Officials offer different views on pace of commercialization
It was 1:03 a.m. on Dec. 5 that experimental physicist Alex Zylstra first spotted it: for the first time, a target yielded more energy from a fusion reaction than a laser put into it—though that’s not counting the much greater input energy that was needed to power the laser in the first place.
“One of the first things I did was call one of the diagnostic experts to double-check the data,” he said during a Dec. 13 press conference with his colleagues from Lawrence Livermore National Laboratory.
Zylstra was running a test with the world’s most energetic laser—Lawrence Livermore’s National Ignition Facility (NIF).
By blasting a capsule of hydrogen atoms with that laser until the atoms heat into plasma and combine, he and his colleagues were hoping to achieve nuclear fusion through an approach known as inertial confinement.
The other main approach to fusion, magnetic confinement fusion, uses devices such as tokamaks to contain plasmas using powerful magnetic fields.
NIF physicist Tammy Ma said that “tears were running down [her] face” when she learned about the result.
“I want to emphasize that each experiment we do is building on 60 years of work in this field, and more than a decade on NIF itself,” Zylstra said.
His team’s latest work comes as the latest in a recent series of fusion-related achievements from that facility, where fusion research is pursued under the National Nuclear Security Administration’s “Stockpile Stewardship” program, as an alternative to the underground nuclear testing that ended during the early 1990s.
The most important of those achievements may have occurred in August 2021, when NIF researchers first briefly achieved ignition according to one set of criteria—namely, when the forces cooling plasma down aren’t strong enough to swamp the forces heating it up. (The Dec. 5 result has also been called “ignition,” as it marks scientific energy breakeven.)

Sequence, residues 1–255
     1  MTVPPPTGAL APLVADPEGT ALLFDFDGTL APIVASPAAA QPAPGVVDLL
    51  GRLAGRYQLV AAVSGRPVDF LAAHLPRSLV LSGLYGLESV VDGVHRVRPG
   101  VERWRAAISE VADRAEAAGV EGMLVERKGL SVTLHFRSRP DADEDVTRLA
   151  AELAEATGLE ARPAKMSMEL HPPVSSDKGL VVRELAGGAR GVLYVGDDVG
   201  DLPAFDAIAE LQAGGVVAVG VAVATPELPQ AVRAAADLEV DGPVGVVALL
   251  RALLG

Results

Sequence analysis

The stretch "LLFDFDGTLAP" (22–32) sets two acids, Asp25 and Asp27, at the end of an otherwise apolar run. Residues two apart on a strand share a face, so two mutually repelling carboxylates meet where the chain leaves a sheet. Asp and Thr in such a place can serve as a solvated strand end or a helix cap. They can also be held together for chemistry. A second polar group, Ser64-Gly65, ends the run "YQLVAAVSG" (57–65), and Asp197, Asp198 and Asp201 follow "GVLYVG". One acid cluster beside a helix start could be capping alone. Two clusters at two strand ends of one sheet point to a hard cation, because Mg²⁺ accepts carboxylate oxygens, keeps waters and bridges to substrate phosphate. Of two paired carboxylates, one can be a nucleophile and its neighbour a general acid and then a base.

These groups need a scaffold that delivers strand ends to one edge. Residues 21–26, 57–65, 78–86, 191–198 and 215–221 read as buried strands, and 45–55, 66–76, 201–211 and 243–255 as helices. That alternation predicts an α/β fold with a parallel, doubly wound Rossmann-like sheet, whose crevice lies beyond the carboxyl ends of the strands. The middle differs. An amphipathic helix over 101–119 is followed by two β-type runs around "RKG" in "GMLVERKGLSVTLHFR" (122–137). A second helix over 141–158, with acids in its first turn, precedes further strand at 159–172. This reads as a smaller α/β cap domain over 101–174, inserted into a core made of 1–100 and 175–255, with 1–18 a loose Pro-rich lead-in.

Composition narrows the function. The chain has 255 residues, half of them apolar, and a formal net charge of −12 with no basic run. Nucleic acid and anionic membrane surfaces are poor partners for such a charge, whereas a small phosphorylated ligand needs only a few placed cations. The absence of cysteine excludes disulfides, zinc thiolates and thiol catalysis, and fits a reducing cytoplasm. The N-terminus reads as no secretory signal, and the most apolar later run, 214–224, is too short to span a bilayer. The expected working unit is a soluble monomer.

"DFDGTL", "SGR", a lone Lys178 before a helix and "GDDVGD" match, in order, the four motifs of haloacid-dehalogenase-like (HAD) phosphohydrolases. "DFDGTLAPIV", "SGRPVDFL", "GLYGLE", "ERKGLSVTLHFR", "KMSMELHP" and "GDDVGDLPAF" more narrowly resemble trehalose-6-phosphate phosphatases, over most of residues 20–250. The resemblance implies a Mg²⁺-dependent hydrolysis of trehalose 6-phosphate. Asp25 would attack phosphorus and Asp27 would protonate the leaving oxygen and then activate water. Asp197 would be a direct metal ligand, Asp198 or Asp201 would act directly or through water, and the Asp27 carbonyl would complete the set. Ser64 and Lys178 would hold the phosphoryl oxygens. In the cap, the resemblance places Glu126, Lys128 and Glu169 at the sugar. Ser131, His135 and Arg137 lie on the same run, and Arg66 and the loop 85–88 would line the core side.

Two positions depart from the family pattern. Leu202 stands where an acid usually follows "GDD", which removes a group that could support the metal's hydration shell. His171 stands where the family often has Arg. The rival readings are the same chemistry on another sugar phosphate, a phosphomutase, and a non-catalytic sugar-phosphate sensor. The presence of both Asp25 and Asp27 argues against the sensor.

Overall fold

“The NIF result in August 2021 changed everything, but this result changes nothing,” said Daniel Jassby, a former research physicist with Princeton University’s plasma laboratory, in a Dec. 13 interview with The Epoch Times.
At the Dec. 13 press conference, Lawerence Livermore director Kim Budil said that about 300 megajoules of energy drove the experiment as a whole. The target produced about 3.15 megajoules of energy from 2.05 megajoules of energy, according to a press release.
The latest result and press conference coincides with Congress negotiating a last-minute spending bill. Republican senators have called for their colleagues to wait until after their party takes the House of Representatives in January to finalize the package.
Jassby did not rule out the possibility that the latest announcement’s timing has something to do with the ongoing spending debate.
“That could be—that’s standard political activity,” he said.
The reported breakthrough also coincides with increasing tension between the United States and its nuclear-armed geopolitical rival, Russia, in the midst of the Ukraine war. Lawrence Livermore’s Mark Hermann noted how NIF’s fusion research aided the United States’ nuclear deterrent capabilities.
The scientists, bureaucrats, and administration officials who spoke on Dec. 13 said the results vindicate decades of earlier researchers who have sought energy breakeven.
“They never lost sight of this goal,” said White House office of science and technology policy director Arati Prabhakar.